University of Chicago Police Department officers will begin using body-worn cameras in April, as part of an ongoing commitment to the safety of officers and the people the department serves.
The use of body-worn cameras is becoming a best practice for police departments nationwide, including those on university campuses. The Chicago Police Department is piloting the use of body-worn cameras and recently announced the expansion of its program into more communities, including Hyde Park and Kenwood.
The University and UCPD have reviewed research findings concerning body-worn cameras and evaluated the technology’s benefits. They concluded that body-worn cameras help provide impartial evidence and documentation, and can serve as tools for officer training and evaluation, thereby enhancing the safety of officers and members of the public.
“In addition to meeting a need that the public has identified, body-worn cameras aid officers in performing their duties,” said UCPD Chief of Police Fountain L. Walker. “These cameras help promote professionalism and accountability among officers.”
When activated by an officer, a body-worn camera has the ability to record and capture both audio and video footage. The footage will be automatically uploaded to a secure server and stored. If the camera footage is not flagged for use as evidence within 90 days, it will automatically be disposed of and can no longer be viewed or retrieved.
In August, the State of Illinois enacted the Police and Community Relations Improvement Act. While this new law does not require police departments in Illinois to have body-worn cameras, it does set the requirements for their use. The requirements state:
- If an officer is equipped with body-worn cameras, cameras must be turned on at all times when an officer is responding to a call for service or engaged in law enforcement activities.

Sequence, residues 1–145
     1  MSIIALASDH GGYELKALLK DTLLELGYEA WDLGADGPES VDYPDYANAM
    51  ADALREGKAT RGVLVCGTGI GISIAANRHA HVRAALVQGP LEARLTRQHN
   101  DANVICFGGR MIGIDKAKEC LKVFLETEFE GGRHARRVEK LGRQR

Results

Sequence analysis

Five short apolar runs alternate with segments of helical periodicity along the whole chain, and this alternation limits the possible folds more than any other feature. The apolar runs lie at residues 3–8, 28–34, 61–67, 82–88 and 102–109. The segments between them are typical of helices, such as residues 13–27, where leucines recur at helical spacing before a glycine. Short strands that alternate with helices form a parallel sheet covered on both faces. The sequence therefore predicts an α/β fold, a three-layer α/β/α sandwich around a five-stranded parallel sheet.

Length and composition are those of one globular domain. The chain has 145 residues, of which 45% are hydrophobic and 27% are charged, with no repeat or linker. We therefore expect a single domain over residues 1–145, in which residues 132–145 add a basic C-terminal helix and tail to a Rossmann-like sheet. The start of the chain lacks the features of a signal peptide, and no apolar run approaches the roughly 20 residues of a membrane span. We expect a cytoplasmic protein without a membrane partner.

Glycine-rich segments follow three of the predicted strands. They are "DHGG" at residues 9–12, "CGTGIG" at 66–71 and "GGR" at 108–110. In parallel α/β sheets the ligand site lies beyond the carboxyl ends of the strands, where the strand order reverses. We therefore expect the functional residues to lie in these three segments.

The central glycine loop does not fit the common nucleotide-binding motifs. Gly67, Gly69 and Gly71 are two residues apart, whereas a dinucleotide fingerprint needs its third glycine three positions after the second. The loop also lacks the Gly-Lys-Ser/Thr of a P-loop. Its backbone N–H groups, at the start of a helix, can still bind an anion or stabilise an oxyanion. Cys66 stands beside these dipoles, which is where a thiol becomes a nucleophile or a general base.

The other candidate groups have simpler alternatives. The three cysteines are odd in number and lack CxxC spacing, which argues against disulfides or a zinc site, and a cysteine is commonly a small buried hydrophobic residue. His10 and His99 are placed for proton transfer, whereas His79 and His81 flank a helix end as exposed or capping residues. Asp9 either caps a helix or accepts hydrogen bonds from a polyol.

- Cameras can be turned off at the request of a victim or witness.
- Recordings can be flagged for use in an investigation if they contain evidence related to an incident.
- Recordings must be saved for 90 days unless flagged or stored for evidence.
During the initial implementation phase of UCPD’s body-worn camera program, approximately 20 patrol officers will wear the cameras. The initial phase will allow UCPD personnel to become familiar with the cameras and supported technology, and to address any procedural or technical issues that may arise. UCPD expects that every UCPD patrol officer will be equipped with a body-worn camera by the start of the upcoming academic year.
The implementation of the body-worn cameras comes as the University is taking significant steps to enhance the transparency of the activities of the UCPD. Last June, the University’s safety and security website expanded to include extensive additional information about UCPD activities, including a daily report on all traffic stops and field interviews by UCPD officers. In addition, arrest records are now available upon request and the UCPD’s general orders are available for review in person, by appointment.
Last April, the UCPD further expanded their outreach efforts by establishing a UCPD Community Advisory Committee in order to strengthen relationships with the University community and nearby neighborhoods.